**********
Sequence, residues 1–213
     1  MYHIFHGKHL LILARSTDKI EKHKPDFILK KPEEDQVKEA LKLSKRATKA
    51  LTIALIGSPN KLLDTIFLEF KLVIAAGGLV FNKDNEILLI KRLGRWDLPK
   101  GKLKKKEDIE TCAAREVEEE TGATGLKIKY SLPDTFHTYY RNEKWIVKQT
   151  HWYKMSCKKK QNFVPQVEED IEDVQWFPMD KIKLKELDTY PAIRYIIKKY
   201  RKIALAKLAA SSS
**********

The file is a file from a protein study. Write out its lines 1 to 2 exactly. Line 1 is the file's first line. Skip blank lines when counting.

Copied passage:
Sequence, residues 1–213
     1  MYHIFHGKHL LILARSTDKI EKHKPDFILK KPEEDQVKEA LKLSKRATKA